Under the original Oklahoma bills, anyone who trespasses on critical infrastructure can face up to six months in jail and up to a $1,000 fine. If the state can prove intent to damage the property, individuals can be fined up to $10,000 and face a year in prison. And for actually damaging property, protestors can face up to 10 years in prison and be fined up to $100,000. Co-conspirators can see fines of up to $1 million.

In 2017, North Dakota, South Dakota, and Oklahoma all saw like-minded legislation pass, with the two pieces of Oklahoma legislation taken up as the gold standard by ALEC and CSG. Iowa and Louisiana both passed the model bill. Ohio considered the bill in 2018, but it did not pass; it’s been taken up again in 2019. In Wyoming and Minnesota the model bills advanced to the desks of their respective governors, but both received a veto.

CSG receives funding from companies such as Koch Industries, Chevron, ExxonMobil, and Marathon Petroleum, as well as industry trade association groups like American Fuel and Petrochemical Manufacturers, American Chemistry Council, Edison Electric Institute, and American Gas Association. ALEC’s corporate funders include or have included the likes of Koch Industries, ExxonMobil, Energy Transfer Partners, Shell, and a long list of others.

Chilling effect on speech

Critics of the legislation have previously told The Real News that even if does not pass, its introduction creates a chilling effect for frontline activists who commit acts of civil disobedience in defiance of industry projects like pipelines and refineries.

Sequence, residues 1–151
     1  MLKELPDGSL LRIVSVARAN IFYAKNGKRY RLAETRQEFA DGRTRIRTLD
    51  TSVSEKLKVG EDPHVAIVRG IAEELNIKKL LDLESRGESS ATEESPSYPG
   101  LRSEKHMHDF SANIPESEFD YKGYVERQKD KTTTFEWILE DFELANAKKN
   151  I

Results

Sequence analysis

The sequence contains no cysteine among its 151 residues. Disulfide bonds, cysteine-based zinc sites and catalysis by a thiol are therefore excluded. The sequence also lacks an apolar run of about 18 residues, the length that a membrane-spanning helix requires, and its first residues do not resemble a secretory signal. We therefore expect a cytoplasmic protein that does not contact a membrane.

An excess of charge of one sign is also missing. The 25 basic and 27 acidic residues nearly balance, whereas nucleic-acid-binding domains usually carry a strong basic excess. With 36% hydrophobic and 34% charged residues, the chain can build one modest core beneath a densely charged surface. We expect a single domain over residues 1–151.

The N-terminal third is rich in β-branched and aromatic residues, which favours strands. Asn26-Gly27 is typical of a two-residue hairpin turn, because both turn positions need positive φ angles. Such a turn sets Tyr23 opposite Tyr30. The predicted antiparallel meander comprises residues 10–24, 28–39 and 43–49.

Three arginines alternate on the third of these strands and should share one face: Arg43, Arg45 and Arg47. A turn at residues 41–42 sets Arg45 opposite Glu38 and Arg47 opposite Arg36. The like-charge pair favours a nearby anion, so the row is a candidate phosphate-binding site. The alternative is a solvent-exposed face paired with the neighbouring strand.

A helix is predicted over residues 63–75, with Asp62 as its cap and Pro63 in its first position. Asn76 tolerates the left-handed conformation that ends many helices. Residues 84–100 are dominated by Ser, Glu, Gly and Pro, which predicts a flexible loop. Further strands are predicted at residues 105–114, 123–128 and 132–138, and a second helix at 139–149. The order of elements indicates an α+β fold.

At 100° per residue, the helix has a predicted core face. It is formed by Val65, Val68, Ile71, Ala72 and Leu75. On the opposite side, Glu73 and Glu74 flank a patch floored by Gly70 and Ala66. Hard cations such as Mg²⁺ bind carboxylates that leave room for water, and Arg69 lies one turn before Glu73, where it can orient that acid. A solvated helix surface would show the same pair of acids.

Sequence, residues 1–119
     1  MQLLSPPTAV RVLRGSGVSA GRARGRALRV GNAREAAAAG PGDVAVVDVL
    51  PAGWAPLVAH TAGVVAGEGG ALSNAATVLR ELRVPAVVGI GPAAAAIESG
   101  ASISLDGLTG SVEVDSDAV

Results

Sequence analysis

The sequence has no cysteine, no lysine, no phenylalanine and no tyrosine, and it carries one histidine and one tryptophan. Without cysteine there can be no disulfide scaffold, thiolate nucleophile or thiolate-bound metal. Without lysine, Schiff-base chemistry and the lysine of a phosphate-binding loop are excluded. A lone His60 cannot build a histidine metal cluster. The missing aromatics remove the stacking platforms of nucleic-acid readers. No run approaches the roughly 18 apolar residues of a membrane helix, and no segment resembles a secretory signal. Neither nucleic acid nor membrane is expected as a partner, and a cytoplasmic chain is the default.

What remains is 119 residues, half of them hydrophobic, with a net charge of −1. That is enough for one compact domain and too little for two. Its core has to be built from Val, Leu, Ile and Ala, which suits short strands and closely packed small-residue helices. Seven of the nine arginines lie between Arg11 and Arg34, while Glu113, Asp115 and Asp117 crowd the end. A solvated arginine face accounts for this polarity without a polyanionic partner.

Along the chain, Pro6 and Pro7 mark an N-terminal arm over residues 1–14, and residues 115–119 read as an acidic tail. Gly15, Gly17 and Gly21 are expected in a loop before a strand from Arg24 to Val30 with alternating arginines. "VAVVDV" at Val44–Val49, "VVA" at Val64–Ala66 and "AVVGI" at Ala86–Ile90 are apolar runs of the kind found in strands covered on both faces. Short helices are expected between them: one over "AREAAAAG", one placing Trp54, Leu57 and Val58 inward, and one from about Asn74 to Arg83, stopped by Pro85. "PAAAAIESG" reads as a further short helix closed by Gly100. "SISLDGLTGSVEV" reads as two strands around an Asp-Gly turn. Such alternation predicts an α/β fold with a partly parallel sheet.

“[The legislation] is going to create a real chill around the communities, the environmental communities, the civil rights communities, and others who are fighting against the pipeline and these energy things,” Bill Quigley, a professor at Loyola University New Orleans, told The Real News in a 2018 interview about the legislation in Louisiana. “This [is] criminalizing of dissent [and] criminalizing of alternative views. Again, the private for-profit oil companies are trying to force the state to use its powers to inhibit and clamp down on the First Amendment rights of people who are looking for ways to try to stop the pipelines.” …

Read the Rest And 10-Minute Video

(Commoner Call cartoons by Mark L. Taylor, 2019. Open source and free for non-derivative use with link to www.thecommonercall.org )


During Bernie’s 2019 speech introducing his Green New Deal, he outlined the basis of his pledge to criminally investigate fossil fuel corporations and executives. He said:

We are finally going to end the fossil fuel industry’s legal immunity. Now what does that mean? This is an important issue. 

Look, everybody makes mistakes, everybody in this room has made a mistake, every doctor has made a mistake, every engineer has made a mistake, even politicians ocasionnally make mistakes… 

If somebody produces a product and it turns out to be a harmful product and they say oh my god we didn’t know that, that is one thing. And that happens all the time. But when somebody produces a product which they knowingly understand to be harmful, that is a different situation…

Documents have emerged as many of you know in court cases that show that the top fossil fuel executives have known for decades that their products were destroying the planet, and they buried those documents in order to continue making as much money as possible. 

So there is a difference between ignorance – just not knowing – and suppressing the truth. 

Make no mistake about it: what the executives of Exxon Mobil and other fossil fuel executives are doing is exactly what the tobacco industry did when it lied about the health risks associated with smoking – conduct that led to federal racketeering convictions.

When I am president, I will appoint an Attorney General who will finally hold the executives and the fossil fuel industry accountable for their criminal behavior.